Physician "rating" sites supposedly offer patients a means to explore information on health care professionals. Several companies claim to offer prospective patients the ability to compare providers based on education, experience and board certification. However, many of these websites are fraught with serious flaws.
Some studies suggest that two-thirds of the population uses the Internet to seek medical information, including choosing their physician. Too often, however, the information posted on many physician "rating" sites is incorrect, frequently listing prior office locations, incorrect contact information and inaccurate hospital affiliations.
Deceased physicians and physicians who have lost their licenses are often included in the rankings on many sites. On a personal note, my office address and medical school education has been listed incorrectly on more than one rating website.
Many of these sites rank physicians using criteria including medical school attended, residency training and whether the physician is active in teaching or medical research.
Although there has never been definitive proof that medical school training translates into physician competence or ability, many sites give higher rankings for well known or prestigious programs.
Finally, the most critical and controversial aspect of the physician ratings is patient input.
Patient ratings are extremely subjective and are often based on the relationship with their physician rather than the actual care they receive and thus not always credible.
A physician who has a pleasant demeanor or spends a significantly longer time with a patient may receive a higher rating although they are not necessarily more competent in proper diagnosis or treatment. In addition, there are too many variables involved in each patient visit to truly and accurately reflect quality of care.
For example, if a patient requested an antibiotic during a routine sick visit and the physician denied their request because the patient was diagnosed with a virus not requiring an antibiotic, they may place a negative feedback for their physician.
Eileen Smith, executive director of Soundview Medical Associates in Norwalk stated, "Often, only disgruntled patients take the time to post on these types of sites. There is little or no monitoring for validity. In addition, the companies housing the websites don't or won't trace the IP address, so if there is a vicious or untrue posting it is very difficult to have it removed or know who posted to try and resolve. Some sites will however ensure that the person posting a comment is a patient of the doctor, and that they include an email address."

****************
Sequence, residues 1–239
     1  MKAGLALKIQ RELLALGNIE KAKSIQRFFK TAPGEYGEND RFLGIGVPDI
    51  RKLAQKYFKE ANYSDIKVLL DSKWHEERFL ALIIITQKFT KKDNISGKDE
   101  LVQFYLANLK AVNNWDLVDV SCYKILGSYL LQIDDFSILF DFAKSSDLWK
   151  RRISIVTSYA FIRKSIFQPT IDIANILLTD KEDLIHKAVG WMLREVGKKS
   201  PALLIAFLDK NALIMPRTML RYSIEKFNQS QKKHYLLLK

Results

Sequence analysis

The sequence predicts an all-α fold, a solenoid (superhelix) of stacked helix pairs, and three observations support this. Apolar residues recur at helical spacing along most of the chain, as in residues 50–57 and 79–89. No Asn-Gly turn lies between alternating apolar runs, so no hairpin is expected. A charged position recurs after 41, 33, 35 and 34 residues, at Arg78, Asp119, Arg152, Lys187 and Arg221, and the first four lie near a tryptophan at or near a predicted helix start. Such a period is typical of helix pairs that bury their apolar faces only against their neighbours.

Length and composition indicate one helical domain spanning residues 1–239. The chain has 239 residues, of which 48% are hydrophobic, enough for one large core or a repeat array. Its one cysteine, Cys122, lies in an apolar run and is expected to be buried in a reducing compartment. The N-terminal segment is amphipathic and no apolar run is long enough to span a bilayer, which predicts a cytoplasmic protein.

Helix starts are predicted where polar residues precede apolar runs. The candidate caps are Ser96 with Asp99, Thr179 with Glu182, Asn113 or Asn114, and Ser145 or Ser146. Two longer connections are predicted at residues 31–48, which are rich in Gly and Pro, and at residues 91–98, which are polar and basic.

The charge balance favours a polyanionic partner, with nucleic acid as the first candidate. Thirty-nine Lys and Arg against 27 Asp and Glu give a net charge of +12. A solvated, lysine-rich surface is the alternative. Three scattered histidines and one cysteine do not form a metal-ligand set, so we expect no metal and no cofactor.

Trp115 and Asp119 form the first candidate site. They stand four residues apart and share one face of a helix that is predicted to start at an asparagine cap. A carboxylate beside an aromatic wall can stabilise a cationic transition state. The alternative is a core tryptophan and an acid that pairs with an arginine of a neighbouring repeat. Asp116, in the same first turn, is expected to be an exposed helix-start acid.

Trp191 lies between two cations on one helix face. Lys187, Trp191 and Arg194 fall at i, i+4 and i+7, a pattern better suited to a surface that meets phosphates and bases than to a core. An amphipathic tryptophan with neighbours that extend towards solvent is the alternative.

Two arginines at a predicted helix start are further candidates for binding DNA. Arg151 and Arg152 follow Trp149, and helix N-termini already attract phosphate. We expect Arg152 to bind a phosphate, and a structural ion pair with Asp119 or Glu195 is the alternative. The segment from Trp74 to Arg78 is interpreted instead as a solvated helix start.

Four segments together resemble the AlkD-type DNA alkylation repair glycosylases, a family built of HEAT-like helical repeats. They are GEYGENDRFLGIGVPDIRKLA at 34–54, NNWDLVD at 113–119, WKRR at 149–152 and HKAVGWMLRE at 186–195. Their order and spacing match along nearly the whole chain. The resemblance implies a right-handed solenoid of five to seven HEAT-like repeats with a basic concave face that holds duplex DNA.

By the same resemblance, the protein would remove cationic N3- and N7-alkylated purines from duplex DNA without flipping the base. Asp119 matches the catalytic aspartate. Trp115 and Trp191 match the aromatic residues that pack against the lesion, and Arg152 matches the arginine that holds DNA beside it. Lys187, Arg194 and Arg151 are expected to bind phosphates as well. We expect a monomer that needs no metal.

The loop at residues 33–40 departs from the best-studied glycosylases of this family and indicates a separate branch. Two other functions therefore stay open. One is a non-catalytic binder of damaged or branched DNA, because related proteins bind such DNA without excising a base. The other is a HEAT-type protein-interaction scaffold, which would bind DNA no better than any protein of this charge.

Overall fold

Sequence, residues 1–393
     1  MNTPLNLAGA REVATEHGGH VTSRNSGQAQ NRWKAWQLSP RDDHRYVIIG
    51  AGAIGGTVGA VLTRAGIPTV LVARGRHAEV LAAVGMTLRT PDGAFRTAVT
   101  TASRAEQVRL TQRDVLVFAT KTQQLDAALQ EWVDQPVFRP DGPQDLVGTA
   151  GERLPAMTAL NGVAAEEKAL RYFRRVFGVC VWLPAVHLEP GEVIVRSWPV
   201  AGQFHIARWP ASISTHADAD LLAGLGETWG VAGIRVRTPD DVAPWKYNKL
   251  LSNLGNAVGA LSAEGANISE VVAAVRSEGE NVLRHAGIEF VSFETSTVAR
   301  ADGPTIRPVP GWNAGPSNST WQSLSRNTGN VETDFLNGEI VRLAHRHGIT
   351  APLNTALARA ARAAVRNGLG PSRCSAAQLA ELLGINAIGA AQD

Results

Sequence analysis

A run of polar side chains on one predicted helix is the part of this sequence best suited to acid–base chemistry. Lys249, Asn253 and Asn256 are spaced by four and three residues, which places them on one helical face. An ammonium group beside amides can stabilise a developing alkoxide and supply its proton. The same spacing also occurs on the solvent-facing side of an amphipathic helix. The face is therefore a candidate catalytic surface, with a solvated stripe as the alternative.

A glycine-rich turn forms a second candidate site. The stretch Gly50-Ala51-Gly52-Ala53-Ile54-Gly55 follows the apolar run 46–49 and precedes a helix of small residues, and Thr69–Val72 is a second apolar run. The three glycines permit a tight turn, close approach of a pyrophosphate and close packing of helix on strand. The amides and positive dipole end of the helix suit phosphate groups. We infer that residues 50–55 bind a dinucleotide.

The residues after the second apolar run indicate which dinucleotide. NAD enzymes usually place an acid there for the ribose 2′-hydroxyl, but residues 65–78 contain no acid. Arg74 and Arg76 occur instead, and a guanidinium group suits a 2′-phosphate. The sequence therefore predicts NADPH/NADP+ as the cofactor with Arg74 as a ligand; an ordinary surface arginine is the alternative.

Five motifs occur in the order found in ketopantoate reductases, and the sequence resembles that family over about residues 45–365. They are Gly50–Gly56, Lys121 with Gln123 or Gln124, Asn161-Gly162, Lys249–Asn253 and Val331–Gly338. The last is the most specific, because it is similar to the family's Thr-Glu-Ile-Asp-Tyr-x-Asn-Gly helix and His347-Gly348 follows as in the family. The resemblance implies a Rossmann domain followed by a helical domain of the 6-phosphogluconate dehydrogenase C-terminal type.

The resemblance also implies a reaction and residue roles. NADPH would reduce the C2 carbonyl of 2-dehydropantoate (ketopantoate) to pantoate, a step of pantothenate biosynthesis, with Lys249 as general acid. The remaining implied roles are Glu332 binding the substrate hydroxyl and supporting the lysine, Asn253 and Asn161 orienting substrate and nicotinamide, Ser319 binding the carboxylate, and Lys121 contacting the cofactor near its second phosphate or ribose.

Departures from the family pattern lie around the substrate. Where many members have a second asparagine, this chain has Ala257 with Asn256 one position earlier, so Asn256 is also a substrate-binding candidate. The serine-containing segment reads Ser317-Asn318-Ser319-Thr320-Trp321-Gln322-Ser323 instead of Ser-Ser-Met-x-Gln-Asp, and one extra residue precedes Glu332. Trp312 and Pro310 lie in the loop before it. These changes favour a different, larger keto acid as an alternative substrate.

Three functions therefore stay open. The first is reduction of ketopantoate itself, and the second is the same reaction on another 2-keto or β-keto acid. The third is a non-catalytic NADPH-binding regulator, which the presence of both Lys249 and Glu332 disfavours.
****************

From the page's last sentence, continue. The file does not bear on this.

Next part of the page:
Furthermore, sometimes patients may leave responses under the wrong doctor due to mixing up doctors with the same name. On the flip side, there in nothing to prevent the physician, family members or friends from leaving positive results on a physician rating site.
Physicians who receive poor reviews often have no recourse to dispute the negative feedback.
This can adversely affect their practice ultimately costing them significant lost revenue. In addition, the limited amount of reviews received by physicians also makes it difficult to get an accurate reflection on the physician's office and care.
Ms. Smith also suggests that patients looking for useful information can contact their local medical society for similar information.
"Health insurers are more than happy to help the patient find doctors by specialty or location," she said. "One site, Zoc Doc, offers on line appointments if the doctor's office participates with the software. It is linked into the doctor's appointments. Coming soon will be the ability to just `book' an appointment using a handheld device. Costs are only to the doctors, there is no cost to the patient."
Earlier this year, the U.S. government's Medicare site announced it will begin physician "rating." It even claims "The purpose of Physician Compare is to help you make informed choices about the health care you receive through Medicare."
Unfortunately, even this site has many errors in reporting. For example, my office address is incorrect and the site claims I speak Chinese and French -- I speak neither language.
Much of the criticism of these sites stems from the lack of transparency and perceived oversight of many of the online rating companies.
Another disturbing aspect is that many of these companies are for-profit, and therefore have additional agendas while promoting a rating system.
The Internet is an excellent tool that allows consumers to research and explore many details before making decisions about what items they want to purchase, where they want to vacation and now evidently who they will choose to care for their health care.
However, choosing a physician can be difficult and consumers need to shop carefully.
Bias and subjective information can be misleading. Recognize the limitations.
Most health care organizations still recommend that you ask your friends and family who they use as their physician and if they are happy with their care.
Word of mouth is still the best way to choose a competent and compassionate physician. Patients can also help their physicians.
If you have had a positive experience, take the time to leave a positive review.